Then there were those who just weren't paying attention:
Punter: "Play Justin Timberlake?!"
Me: "I am, this is Justin Timberlake."
Punter: "Not this one."
There were lots of variations on similar themes:
"Can you play something my friend likes?"
"Can you play something we'll all like?
"Can you play something different?"
"Can you play something we can dance to?"
"Can you play something else?"
"Can I have three large vodka tonics and three Bacardi Breezers please?"
Then there were the Zen-like unanswerable questions:
"What is the music tonight?"
"Do you know where my friends are?"
"When will it get better?"
The question I always struggled to answer the most was "what music have you got?" This was before USB sticks made everything viewable with the flick of a wrist, so apart from having a printed-off Excel spreadsheet of my alphabetized library to hand, there wasn't much I could to do satisfy the knowledge-hungry hordes. The evening was always carried out in shouts, punters grabbing at my CD wallet while I pinballed around the booth, heavily lubricated by the complementary lager handed to me by higher ups, ear plugs stuffed deep in my canals, all of us as arseholed as each other.
DJing in an environment like this isn't about narrative and moods and subtle shifts and silky smooth transitions. It isn't about Masters at Work or Michael Mayer. This is about "Crazy in Love" and "Dirrty," veering wildly off into "The Final Countdown," by Europe or Bon Jovi's "Livin' on a Prayer," which used to always send the crowd into total frenzy. And yes, I did use to cut the volume on the chorus of the latter and watch an entire room creak out a "WOOO-AAAHHHH," at the top of their gleeful, stupid, terrible voices—a room briefly united in drunken desperation. All I could do was sigh, light another cigarette to cover the stench of vomit and bleach crawling up from the toilets, and play "Drop It like It's Hot."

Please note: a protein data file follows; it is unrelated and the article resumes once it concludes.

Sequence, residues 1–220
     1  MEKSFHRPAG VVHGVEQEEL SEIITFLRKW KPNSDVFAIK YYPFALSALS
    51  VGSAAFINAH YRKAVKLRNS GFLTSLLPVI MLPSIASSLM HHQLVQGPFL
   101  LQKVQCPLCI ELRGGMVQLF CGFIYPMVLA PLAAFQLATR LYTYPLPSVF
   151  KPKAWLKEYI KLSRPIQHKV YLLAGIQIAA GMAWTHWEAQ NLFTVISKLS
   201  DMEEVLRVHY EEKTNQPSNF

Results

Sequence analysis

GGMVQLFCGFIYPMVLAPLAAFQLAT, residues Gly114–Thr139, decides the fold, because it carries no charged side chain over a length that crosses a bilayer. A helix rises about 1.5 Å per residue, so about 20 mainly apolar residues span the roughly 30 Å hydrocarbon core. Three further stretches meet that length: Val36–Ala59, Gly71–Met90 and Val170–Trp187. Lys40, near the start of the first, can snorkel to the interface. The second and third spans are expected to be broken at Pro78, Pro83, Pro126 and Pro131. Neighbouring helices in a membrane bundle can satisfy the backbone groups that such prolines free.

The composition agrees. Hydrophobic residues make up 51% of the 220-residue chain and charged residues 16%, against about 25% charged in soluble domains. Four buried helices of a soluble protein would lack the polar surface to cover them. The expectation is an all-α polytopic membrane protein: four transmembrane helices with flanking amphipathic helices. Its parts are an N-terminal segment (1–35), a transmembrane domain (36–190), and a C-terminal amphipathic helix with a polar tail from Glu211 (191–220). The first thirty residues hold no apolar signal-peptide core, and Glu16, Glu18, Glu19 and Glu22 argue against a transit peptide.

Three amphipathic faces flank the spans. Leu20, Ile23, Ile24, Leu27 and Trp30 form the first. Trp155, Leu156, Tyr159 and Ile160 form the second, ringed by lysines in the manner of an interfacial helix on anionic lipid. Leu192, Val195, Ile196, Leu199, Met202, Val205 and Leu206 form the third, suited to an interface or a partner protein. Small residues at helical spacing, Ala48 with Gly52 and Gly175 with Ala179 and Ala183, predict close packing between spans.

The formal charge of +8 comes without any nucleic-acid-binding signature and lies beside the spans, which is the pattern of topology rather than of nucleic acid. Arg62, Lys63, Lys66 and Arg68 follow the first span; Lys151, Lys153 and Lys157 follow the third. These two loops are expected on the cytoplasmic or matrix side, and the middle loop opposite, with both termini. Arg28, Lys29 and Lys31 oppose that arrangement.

Something you should know about Los Crazios was that the booth didn't have a lock on it. One evening I returned to my un-shut sanctuary after taking a slash and arrived to silence. Four young women had invaded, spilled three different kind of very sticky drinks over the mixer, turned the music off and the strobes on, and were treating the club to an acapella rendition of "Dancing Queen." If the customers weren't singing they were shagging; a blocked booth door actually once led me to a trouserless couple going at it on a floor that was an inch-thick with the debris of fallen pints. And if they weren't singing or shagging they were scrapping. The fights I witnessed were half-arsed, scrappy bouts contested by very drunk young men who'd not fought since school and weren't that interested in doing it now.
Two years into the job and I was coming to the end of my tether. The alcopop that broke the camel's back came in the form of a long, drunk, and particularly pointless conversation with a paying customer about my lack of songs by Paul McCartney and Wings, a group he only ever referred to as Paul McCartney and Wings, as if the world is awash with other bands called Wings, which was followed almost immediately by a far briefer, but more illuminating exchange that seemed to be a succinct summary of the utter pointlessness of it all.
"Can you play something I like?' asked an out of breath, rosy cheeked young woman.
"Yeah," I replied, "of course."
She runs off. I play "Jump Around" by House of Pain and wait for 3AM to roll round. I hand in my notice immediately and never return.
Harold Heath is a freelance writer.